25. #425
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    Owlish, thanks! I'm trying to find information on Bowers Rock State Park; whether it is possible to get there overland...as it is very close but officially it's not vehicle accessible; however, can be walked in..... or boated in. (it's on the river) a Pity I don't have a raft hahaha
    EDIT:: Bowers Rock State Park is Boat Access ONLY; (no recognized legal overland access; all overland access points are private property) And NO camping allowed. So essentially; it is a day use park for boaters and residents of the properties around it this is according to the email I got from Oregon State Parks and Recreation.
    Last edited by CamoDeafie; 07-30-2013 at 03:47 PM.

  26. #426
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    Great setups. Next year I'm looking at doing a big bike tour and these have given me some great ideas for how to craft my packs.
    Adventure Strong | Hiking, Mountain Biking, and Adventure Travel
    http://www.adventurestrong.com

  27. #427
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    Post your Bikepacking Rig (and gear layout!)-9441744825_74541250ef_o.jpg
    Hi folks, I am new to bikepacking, and this is the rig that plan on taking on S24O trips outside Montreal later this month.

    The bike is a 23" 2011 Trek Marlin 29er, mostly stock, used for bad-weather and daily winter commuting since new. The generic Nashbar rigid fork pictured replaced a cheap Suntour suspension unit that seized after 2 winters without any maintenance.

    I plan on attaching a modified medium-sized backpack between the front rack and the handlebars (a commuting setup that has worked exceptionally well for me so far). The rear rack will receive a trunk bag. I am thinking this will be enough storage space to fit a Hennessy Hammock, sleeping bag, Trangia stove and one day's worth of food.

    Any feedback/suggestions will be much appreciated. I'll post a pic of the bike loaded at some point next weekend.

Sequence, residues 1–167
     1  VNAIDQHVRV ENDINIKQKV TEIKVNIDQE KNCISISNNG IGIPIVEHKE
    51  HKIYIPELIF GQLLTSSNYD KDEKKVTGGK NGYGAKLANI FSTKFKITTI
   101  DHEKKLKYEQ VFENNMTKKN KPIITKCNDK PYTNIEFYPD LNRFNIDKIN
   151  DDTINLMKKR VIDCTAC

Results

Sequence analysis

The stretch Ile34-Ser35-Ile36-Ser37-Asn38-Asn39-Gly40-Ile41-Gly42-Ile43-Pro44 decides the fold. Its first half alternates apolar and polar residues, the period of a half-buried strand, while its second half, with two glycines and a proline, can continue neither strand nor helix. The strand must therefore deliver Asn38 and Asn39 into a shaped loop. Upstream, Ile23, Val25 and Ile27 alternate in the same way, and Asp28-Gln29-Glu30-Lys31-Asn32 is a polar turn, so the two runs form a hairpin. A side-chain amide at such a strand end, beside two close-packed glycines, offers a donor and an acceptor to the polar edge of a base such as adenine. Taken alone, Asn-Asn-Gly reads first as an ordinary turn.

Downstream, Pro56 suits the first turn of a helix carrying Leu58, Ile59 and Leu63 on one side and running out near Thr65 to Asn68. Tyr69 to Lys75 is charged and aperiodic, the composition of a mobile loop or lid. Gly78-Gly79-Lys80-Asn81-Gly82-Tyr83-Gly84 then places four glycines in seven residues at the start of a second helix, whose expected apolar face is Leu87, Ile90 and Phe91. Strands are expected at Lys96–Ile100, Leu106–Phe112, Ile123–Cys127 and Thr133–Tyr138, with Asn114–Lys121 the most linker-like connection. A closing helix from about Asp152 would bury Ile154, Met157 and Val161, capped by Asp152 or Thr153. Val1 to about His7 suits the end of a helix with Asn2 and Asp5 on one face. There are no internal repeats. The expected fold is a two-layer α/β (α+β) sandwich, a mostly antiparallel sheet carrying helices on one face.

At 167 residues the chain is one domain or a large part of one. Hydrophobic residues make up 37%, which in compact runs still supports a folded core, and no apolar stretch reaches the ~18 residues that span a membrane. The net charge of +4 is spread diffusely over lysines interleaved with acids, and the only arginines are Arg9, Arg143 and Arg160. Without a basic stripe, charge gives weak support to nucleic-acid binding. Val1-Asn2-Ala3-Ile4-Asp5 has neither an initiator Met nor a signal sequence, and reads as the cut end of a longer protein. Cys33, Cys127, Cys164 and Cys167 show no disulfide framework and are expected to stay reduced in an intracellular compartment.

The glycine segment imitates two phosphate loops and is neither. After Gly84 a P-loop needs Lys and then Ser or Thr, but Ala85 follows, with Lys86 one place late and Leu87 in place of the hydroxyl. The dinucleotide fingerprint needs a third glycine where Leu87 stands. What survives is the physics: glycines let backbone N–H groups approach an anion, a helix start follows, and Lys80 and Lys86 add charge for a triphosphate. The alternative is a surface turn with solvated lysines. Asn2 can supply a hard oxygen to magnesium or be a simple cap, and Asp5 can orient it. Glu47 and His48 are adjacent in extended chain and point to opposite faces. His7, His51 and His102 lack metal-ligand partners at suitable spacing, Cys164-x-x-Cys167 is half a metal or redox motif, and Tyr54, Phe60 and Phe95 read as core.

28. #428
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    I'd try to keep the front end load light, and any weight carried there down as low as possible and close to the head tube, otherwise steering on slow off-road climbs is going to get really heavy. There'll be a lot more shock-loading on the front rack off-road than commuting too, and of it's alu I wouldn't be too surprised if it broke at the welds sooner rather than later...

  29. #429
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    ^ point well taken. The front pack will mostly contain the sleeping bag, hammock and clothes, which should bring it to around 10 lbs. The backpack is very close to the head tube and is partly (~30%) suspended from the handlebars. I will try this out on tame dirt roads, but the longer-term vision is to likely move toward a rack-less setup.

  30. #430
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    It's amazing how little one needs to survive overnight in good weather. Years ago a friend and I did a couple of Polaris Challenges here in Oz, and some people managed to fit all the required gear into a rackpack, nothing else. I'm not saying this was a comfortable option (at night), but goes to show that one can get away with less than might be suspected. If going out for multiple nights, wanting to be comfortable in foul weather and carrying food, more carrying capacity will be needed(!), but I reckon you ought to be able to survive for a few days on a rackpack (~10-15 litres) plus a small rucksack (~20 litres or so).